To our knowledge, this is the first time the relationship between changes in tumor size, CTC counts over time, and OS have been quantified using a pharmacometric approach. Here we present a modeling framework that identified and established such quantitative relationships in patients with mCRC treated with first-line chemotherapy (capecitabine and oxaliplatin) and targeted agents (bevacizumab and cetuximab) in the CAIRO2 trial (20). Parts of the data included in the current nonlinear mixed effects analysis and parametric time-to-event analysis have been analyzed previously, using Cox proportional hazards models, where the CTC count was also found to be related to OS (13). However, the current analysis added mechanistic and quantitative understanding of the relationship between dynamic changes in SLD and CTC count, as well as how these time-varying variables are related to OS. The CTC time-course, for which TND and the model-predicted SLD were covariates (Eq. A), was a better predictor of OS than the SLD time-course alone. When the model-predicted CTC time-course was included in the OS model, SLD did not improve the fit further (P > 0.01). In addition, a dose–response relationship was identified which could be applied for dose individualizations.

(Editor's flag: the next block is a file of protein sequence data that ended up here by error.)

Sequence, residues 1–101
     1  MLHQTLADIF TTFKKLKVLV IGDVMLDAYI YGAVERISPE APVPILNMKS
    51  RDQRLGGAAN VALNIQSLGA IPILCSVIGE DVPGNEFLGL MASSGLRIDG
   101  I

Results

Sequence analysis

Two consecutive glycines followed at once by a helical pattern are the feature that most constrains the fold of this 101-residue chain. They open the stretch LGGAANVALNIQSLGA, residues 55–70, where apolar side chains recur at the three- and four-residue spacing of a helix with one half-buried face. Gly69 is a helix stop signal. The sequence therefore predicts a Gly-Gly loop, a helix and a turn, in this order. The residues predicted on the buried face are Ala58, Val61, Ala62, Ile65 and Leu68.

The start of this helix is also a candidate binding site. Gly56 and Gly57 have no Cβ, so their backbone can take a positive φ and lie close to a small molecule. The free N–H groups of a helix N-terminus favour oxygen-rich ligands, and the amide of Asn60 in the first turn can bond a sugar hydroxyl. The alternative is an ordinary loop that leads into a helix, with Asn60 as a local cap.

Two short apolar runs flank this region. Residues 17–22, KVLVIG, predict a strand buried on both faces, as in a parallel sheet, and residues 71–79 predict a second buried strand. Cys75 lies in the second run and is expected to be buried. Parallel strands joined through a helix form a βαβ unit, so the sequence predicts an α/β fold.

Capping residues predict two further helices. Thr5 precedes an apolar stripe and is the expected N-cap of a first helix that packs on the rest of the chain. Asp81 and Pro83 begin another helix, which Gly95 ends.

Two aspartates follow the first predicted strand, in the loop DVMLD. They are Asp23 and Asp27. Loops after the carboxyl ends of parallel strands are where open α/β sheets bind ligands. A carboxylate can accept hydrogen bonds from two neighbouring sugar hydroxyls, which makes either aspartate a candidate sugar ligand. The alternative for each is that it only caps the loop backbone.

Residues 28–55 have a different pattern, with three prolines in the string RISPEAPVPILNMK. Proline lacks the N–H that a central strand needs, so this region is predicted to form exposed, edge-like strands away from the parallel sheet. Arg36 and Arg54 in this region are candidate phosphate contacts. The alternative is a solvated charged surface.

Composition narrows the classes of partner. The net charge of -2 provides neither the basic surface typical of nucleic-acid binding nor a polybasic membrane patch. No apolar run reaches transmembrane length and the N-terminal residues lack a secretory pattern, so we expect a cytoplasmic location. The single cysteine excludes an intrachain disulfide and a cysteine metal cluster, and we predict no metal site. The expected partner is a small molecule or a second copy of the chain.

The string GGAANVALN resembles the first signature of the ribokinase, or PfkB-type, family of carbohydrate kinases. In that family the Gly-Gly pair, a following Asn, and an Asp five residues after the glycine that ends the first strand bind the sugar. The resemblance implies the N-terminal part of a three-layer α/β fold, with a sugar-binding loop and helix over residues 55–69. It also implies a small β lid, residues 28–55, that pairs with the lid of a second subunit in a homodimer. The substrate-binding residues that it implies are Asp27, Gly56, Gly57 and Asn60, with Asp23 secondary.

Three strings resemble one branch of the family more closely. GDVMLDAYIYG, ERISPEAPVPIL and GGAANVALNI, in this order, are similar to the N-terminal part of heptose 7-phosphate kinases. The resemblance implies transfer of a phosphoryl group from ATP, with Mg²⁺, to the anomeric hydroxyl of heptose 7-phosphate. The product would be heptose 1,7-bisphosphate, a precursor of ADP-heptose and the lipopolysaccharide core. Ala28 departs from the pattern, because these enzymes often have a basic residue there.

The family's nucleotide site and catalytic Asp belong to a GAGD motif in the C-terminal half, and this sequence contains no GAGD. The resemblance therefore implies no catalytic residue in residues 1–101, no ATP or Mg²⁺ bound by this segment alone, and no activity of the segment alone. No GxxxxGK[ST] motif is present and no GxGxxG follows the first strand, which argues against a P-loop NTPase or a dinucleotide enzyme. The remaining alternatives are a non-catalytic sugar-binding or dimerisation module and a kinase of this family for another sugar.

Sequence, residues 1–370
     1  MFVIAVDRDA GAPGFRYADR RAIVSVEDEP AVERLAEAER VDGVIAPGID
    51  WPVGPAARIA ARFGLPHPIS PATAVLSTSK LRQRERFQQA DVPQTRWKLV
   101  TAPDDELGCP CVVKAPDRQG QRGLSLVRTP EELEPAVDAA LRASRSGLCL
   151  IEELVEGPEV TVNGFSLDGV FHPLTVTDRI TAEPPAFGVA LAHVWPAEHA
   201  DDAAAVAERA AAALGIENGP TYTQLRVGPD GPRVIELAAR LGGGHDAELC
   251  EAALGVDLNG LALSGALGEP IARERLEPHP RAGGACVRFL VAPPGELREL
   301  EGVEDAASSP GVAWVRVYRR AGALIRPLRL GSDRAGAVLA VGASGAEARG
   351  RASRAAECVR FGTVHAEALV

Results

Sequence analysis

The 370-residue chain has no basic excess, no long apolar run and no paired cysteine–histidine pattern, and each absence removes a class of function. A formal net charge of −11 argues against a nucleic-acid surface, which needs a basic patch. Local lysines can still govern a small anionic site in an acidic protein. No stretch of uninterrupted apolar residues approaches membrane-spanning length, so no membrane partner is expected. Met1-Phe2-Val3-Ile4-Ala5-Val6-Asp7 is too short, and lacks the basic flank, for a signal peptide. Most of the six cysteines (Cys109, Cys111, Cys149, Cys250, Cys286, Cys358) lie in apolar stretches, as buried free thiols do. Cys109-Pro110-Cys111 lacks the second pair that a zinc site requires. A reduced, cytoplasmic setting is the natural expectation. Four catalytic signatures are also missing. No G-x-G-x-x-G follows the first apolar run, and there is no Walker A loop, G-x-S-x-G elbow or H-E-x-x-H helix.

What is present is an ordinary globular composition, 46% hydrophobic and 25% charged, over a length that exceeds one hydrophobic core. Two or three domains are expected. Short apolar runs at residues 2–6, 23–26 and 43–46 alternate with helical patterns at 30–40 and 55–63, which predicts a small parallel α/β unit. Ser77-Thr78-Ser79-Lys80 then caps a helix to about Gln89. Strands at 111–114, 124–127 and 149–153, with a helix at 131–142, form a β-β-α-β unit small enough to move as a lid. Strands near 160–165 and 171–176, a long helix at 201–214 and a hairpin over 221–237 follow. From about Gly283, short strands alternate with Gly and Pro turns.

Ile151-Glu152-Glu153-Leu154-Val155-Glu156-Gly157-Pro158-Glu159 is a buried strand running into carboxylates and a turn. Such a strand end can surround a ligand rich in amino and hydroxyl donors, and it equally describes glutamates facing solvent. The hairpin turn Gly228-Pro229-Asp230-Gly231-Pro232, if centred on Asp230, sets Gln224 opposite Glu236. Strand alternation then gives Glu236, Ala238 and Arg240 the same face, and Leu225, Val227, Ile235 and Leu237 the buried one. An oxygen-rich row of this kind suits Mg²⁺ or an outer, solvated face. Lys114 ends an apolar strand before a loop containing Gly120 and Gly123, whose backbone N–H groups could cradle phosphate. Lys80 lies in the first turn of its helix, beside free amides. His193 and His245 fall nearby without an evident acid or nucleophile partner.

The developed tumor size model, using a similar model structure as suggested by Bender and colleagues (23, 24), was used to drive the probability of observing a CTC count of a number n, by applying a count model approach with overdispersion, that is, SLD was included as a predictor of λCTC(t). A dose–response relationship, separate from the time-course of tumor size, was also identified as a significant driver of the CTC time-course. The TND in a given cycle inhibited the mean CTC count which captured the rapid increase in proportion of CTC counts = 0 after treatment initiation. It should however be noted that the drug effect was not separated within or between the different therapies, that is, they were equally weighted. The final CTC model described the observed data well, including the large proportion (i.e., 76% of all samples) of undetectable CTCs. However, it differed in several aspects in comparison to a previously developed CTC count model (8). Wilbaux and colleagues used a lifespan model to describe the CTC kinetics and related a latent variable (to represent an underlying tumor burden) to changes in CTC counts and prostate-specific antigen (PSA; ref. 8). No direct link between PSA and CTC could however be identified. Because the addition of an effect compartment did not improve the model fit statistically significant, no further attempts were implemented to explore the lifespan model in the current analysis. Also, the latent variable in the Wilbaux model was related to virtual drug amounts in hypothetical drug compartments whereas no improvement was observed when a kinetic–pharmacodynamic model was explored in our model. Furthermore, the Wilbaux analysis did not include an analysis of OS. Although, by simulating the kinetics of PSA, CTC, and the latent variable, Wilbaux and colleagues demonstrated that the CTC count was more sensitive to changes in the latent variable compared with PSA and concluded CTC to be an earlier biomarker than PSA. Even though the models diverge on several aspects, the Wilbaux model and the CTC model presented here are similar in the sense that both use a negative binomial model to describe the dynamic changes in CTC counts. The overdispersion parameter was above 1 in both the Wilbaux model (4.9) and the current analysis (1.40), indicating that the difference between the mean CTC count and the variability in the CTC count is large. The current analysis is consequently not only the first to quantify the relationship between the longitudinal CTC time-course and OS but also to explore the predictive value of changes in tumor size and CTC count, in relation to each other, with respect to OS in a population model.